Thursday, March 15, 2012

Crazy Weather

I took the above photograph in Iowa County, in south central Wisconsin on a perfect day in July of 2008. Today, the Ides of March, 2012, it was the same temperature there. It was the same temperature here at my new home in Pittsboro, North Carolina, as well.

This photo was taken on March 28th, 2008 in Iowa county, Wisconsin. I was taking my old BMW out of the barn to do a preseason tune-up on it and wanted to note the irony of the moment. (it's a 1983 model with 'snowflake' wheels)

The crazy 'winter that never was' could throw us a major curve ball at any moment. The last frost date for my old Wisconsin home is late May. I don't think there was a day in Pittsboro this year that stayed below freezing and the lowest temperature we had here was in the low 20s.

This evening I read in the news that a tornado touched down in Ann Arbor, Michigan earlier today. That's just crazy.

I wonder what's going to happen with gardening this year? Do we wait until it's "time" to plant or do we just go ahead and plant now and risk the possibility of losing the early crops? Do we keep the row covers waiting at the back door just in case we have to run out and cover our spinach? Do you have a plan yet?

Monday, February 27, 2012

One Scythe Revolution

Follow Botan Anderson into the One Scythe Revolution!

The One Scythe Revolution is a peaceful movement, kind of like the Broadfork Revolution. I'm a player in both. This is a picture of Botan with an enormous competition scythe blade.  (He's 6'5" tall, by the way)

I started using a scythe when my beloved 1996 model weed munching Stihl line trimmer died in 2005. At the time, we lived on the prairie of southern Wisconsin and I had to keep an acre of grass surrounding the house cleared for fire protection reasons. I didn't want to have another internal combustion engine in my life, so I opted for the Austrian scythe as a petroleum free alternative.

I immediately fell in love with the tool and soon thereafter met Botan. After spending a day with him mowing, I realized how important it was to have someone teach the basics of the scythe to a beginner. At first, there's something unnatural about swinging the scythe, but by watching an experienced scythesman, the pieces to the puzzle just fall together and the tool becomes a part of the body.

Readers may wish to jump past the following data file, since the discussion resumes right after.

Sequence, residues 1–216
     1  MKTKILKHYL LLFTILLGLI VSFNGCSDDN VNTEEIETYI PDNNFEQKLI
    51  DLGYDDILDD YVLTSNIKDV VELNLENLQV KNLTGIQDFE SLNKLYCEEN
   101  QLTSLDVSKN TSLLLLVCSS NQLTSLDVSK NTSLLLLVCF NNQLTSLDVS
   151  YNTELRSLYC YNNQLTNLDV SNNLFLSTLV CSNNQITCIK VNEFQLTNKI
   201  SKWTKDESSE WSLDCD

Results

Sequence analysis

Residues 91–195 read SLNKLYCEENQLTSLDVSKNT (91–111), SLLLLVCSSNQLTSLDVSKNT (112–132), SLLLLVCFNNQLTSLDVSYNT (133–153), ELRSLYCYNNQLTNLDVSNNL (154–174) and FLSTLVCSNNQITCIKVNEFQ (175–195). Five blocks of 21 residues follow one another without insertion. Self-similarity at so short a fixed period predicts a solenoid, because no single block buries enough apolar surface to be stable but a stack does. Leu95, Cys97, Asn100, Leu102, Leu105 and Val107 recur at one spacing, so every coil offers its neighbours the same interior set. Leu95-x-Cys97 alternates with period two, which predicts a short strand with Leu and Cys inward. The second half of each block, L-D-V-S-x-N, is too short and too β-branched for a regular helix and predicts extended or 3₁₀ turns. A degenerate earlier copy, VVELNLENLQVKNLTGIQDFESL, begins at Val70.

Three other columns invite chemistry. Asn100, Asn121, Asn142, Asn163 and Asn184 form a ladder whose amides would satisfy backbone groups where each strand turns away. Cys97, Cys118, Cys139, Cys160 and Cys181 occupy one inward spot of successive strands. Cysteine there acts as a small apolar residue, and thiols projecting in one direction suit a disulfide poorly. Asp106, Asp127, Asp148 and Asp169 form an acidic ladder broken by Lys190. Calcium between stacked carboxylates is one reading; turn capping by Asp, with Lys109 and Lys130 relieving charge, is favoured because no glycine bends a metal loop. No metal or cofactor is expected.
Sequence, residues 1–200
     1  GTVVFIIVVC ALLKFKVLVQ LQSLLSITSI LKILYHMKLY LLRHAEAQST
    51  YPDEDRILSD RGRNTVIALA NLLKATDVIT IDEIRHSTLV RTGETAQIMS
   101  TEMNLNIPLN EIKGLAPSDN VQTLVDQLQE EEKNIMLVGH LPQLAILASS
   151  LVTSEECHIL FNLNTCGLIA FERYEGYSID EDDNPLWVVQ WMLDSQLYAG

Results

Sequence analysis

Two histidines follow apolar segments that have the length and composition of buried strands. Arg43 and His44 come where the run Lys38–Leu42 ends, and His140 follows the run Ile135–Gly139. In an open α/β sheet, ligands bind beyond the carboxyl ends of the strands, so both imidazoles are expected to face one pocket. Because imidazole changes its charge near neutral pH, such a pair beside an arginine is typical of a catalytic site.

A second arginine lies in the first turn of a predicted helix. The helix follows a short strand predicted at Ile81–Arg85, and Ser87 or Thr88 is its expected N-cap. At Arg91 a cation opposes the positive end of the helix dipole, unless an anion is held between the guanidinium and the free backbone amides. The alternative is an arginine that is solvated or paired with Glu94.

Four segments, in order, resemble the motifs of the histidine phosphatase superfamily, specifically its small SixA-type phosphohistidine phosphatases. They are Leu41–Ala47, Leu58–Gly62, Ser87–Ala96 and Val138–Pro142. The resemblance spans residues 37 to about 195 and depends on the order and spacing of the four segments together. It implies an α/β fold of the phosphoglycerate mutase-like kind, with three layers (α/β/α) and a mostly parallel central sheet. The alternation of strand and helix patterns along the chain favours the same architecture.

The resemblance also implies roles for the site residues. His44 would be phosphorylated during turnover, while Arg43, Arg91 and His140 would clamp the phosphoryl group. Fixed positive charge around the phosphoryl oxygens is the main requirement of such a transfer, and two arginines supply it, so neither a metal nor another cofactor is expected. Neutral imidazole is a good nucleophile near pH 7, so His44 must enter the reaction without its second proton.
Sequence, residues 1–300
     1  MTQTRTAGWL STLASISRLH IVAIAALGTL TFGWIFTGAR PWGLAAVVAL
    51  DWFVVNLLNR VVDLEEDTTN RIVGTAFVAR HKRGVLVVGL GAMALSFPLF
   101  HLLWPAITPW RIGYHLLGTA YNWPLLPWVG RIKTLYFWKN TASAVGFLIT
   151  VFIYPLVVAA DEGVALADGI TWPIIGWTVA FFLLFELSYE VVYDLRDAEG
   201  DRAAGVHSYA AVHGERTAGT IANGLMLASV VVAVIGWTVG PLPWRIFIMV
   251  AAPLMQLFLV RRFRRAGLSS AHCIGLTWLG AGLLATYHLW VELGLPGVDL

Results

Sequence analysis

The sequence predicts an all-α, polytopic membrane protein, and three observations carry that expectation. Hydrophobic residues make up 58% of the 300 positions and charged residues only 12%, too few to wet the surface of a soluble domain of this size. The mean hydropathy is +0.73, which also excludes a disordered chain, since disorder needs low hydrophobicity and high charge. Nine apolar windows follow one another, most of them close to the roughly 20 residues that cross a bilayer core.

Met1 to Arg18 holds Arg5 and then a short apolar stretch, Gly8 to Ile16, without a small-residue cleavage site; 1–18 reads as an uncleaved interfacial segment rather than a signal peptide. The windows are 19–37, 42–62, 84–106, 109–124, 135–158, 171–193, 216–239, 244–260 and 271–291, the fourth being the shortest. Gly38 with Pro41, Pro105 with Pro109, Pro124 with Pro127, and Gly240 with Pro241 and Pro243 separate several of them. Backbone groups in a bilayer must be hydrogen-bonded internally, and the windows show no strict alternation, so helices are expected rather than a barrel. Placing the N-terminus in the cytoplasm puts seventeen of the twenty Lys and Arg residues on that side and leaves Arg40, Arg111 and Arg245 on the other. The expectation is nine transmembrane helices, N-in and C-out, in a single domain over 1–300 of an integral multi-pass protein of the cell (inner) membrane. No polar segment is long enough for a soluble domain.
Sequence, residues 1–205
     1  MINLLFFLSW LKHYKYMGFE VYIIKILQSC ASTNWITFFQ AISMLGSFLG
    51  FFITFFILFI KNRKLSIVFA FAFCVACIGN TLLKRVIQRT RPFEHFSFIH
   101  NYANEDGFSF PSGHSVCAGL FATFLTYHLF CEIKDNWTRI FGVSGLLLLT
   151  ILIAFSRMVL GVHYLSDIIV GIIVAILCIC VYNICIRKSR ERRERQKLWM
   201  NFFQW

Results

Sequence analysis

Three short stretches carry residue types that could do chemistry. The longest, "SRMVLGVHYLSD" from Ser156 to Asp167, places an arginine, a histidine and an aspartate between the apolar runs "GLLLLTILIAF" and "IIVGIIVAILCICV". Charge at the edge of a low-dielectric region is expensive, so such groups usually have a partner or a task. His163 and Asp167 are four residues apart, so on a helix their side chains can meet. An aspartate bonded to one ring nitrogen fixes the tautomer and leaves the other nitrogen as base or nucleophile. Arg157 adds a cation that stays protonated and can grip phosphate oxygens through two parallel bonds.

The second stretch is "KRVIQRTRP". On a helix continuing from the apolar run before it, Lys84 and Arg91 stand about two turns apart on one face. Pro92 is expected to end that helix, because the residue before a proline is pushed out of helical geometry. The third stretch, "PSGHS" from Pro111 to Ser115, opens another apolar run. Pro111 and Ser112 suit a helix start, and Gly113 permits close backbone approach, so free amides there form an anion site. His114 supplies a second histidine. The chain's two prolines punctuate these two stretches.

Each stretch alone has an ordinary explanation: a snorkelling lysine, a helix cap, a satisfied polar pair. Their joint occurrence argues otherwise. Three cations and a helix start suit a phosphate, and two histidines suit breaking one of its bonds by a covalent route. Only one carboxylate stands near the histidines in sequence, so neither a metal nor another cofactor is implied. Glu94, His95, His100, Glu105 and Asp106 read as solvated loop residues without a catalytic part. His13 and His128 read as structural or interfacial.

This weekend, I have the pleasure of teaching my first scythe class at the Organic Growers School in Asheville, North Carolina. There, I will find a group of people interested in learning about one of the most amazingly efficient tools ever conceived; the Austrian scythe. It's not the tool you find at flea markets and adorning the walls of Cracker Barrel restaurants across the US. The Austrian scythe is different in a lot of ways.

This tool is like a razor blade on a five foot handle. Nothing can compete with the efficiency of a well peened and honed scythe for taking down tall grass.

The reason I felt I needed to teach this class is the fact that most people have no idea that a scythe is sharpened with a hammer. Well, it is. The hammered edge is then polished with a stone and the blade becomes shaving sharp.

Scythe mowing is best done in the morning when the shadows are still long and the dew is still on the grass. A well peened and honed blade makes the mowing effortless and the experience of the world awakening to the swish of blade on grass in the long slanting light of dawn is priceless.

I became so passionate about the scythe that I sought to teach others the lessons I had learned along the way. There are some skills that we must continue to share if we want to make the most of the troubled times we are facing.

When I am out in the field mowing in the earliest light of the day, I carry on fearlessly, effortlessly; body swaying rhythmically in the tall grass heavy and wet with dew. As I progress a few inches at a time, using a tool perfected 5 centuries ago, I am overcome with hope that we can still do the right thing... like we used to.

Get to know the scythe. Along with the broadfork and a good garden cart, it is among the most important tools you can own.

The scythe and the broadfork were perfected in a time when the human body was the only machine available for powering gardening tools. With half a millennium of field testing, both tools still work just fine, thank you.

If you're a customer of mine, make sure you find me in Asheville this weekend if you're in the neighborhood. When I am not teaching, I'll be at the Earth Tools booth at the trade show/exhibit area.

As always, good soil to you.


Sunday, February 19, 2012